THE end of the Argos catalogue is the end of an era for Britain. Here’s why buying the same crap from Amazon will never feel as good:
It was free
Free! Generously piled high in front of the store by the sliding doors, satisfyingly new and heavy, you could return jubilantly from your suburban shopping trip clutching something even if you were a teenager struggling to afford a McDonald’s thick shake.
You could circle stuff
There’s no real difference between an Amazon wishlist and circling your favourites in the paper catalogue before passing it to a generous aunt, but the former feels like a souless, automated process and the latter felt warm, caring and got you what you wanted.
No sinister tailored advertising
A boy could browse the catalogue for hours without anyone knowing he coveted Barbie’s leopard-print ra-ra skirt from her Weekend collection. Nobody was collecting your information in a giant database for future blackmail/a personalised shopping journey.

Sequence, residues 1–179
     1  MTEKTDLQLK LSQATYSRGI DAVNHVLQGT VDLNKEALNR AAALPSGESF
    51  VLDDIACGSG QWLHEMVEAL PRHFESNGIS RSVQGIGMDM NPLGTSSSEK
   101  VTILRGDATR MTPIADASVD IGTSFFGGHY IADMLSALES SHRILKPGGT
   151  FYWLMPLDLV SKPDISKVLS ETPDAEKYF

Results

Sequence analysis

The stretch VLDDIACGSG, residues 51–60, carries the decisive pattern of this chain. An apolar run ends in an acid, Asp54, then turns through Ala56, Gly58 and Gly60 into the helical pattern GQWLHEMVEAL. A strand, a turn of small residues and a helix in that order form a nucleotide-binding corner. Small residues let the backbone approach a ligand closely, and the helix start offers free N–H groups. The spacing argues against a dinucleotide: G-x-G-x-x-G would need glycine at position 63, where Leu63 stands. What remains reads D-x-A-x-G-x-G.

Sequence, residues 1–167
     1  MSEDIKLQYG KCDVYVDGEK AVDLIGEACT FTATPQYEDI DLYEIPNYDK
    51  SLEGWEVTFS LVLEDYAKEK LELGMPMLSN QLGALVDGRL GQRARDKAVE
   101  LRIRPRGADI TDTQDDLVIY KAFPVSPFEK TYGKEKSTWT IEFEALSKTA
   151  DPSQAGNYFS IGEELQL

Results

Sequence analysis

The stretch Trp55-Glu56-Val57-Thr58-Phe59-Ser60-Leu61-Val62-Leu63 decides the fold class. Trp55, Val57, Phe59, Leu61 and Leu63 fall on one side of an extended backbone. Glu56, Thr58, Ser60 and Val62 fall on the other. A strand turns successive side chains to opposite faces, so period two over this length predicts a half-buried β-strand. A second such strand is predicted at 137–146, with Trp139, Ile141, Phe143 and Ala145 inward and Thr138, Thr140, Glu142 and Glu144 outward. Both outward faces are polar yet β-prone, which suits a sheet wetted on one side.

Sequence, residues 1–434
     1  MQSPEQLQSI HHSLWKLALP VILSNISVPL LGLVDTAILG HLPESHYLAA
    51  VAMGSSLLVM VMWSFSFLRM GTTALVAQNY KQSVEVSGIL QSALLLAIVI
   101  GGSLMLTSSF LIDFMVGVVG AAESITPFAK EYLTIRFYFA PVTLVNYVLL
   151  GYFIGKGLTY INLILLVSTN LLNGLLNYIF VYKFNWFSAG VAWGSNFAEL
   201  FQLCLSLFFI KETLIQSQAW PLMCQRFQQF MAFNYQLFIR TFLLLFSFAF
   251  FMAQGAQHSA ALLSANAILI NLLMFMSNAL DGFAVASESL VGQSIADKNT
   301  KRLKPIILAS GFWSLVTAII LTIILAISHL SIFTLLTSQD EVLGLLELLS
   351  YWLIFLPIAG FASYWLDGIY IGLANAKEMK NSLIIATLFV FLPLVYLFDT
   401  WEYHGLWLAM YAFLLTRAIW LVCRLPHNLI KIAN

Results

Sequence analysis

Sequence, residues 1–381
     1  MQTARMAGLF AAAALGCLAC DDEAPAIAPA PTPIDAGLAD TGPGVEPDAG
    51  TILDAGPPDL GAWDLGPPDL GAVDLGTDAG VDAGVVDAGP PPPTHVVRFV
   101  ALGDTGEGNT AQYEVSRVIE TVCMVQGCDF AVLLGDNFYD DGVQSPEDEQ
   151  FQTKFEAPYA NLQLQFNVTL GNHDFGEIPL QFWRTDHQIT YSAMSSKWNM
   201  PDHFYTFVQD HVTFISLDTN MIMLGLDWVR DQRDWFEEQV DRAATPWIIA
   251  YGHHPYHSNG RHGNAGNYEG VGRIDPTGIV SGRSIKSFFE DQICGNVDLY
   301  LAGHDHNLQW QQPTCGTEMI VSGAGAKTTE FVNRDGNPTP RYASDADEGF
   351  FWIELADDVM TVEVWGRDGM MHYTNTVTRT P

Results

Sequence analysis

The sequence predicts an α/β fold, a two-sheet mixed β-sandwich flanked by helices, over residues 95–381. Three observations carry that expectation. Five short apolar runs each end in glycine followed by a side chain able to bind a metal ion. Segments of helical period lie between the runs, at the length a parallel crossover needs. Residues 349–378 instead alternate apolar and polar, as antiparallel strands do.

It was a handy weapon
Thick and durable enough to really beat a sibling into submission, if you had an Argos catalogue you didn’t fear your big brother or need to buy the £19.99 Bullworker.
Elizabeth Duke jewellery
A nine-carat gold engagement ring from the now-defunct range was the aspirational choice for a nation of knocked-up teenagers.
Purchases from the Argos catalogue came before the awkward knowledge that your short-lived plastic tat was slowly rotting the earth and trashing its future. You genuinely thought you’d always be riding that BMX.
They may have gone digital now but Argos got there first, Ikea, and we won’t forget it.
Truly random extras in the waiting area
The catalogue is only part of the shopping experience. No Amazon algorithm on earth would know that what you really needed were 10 blank Alba cassettes and a set of jump leads.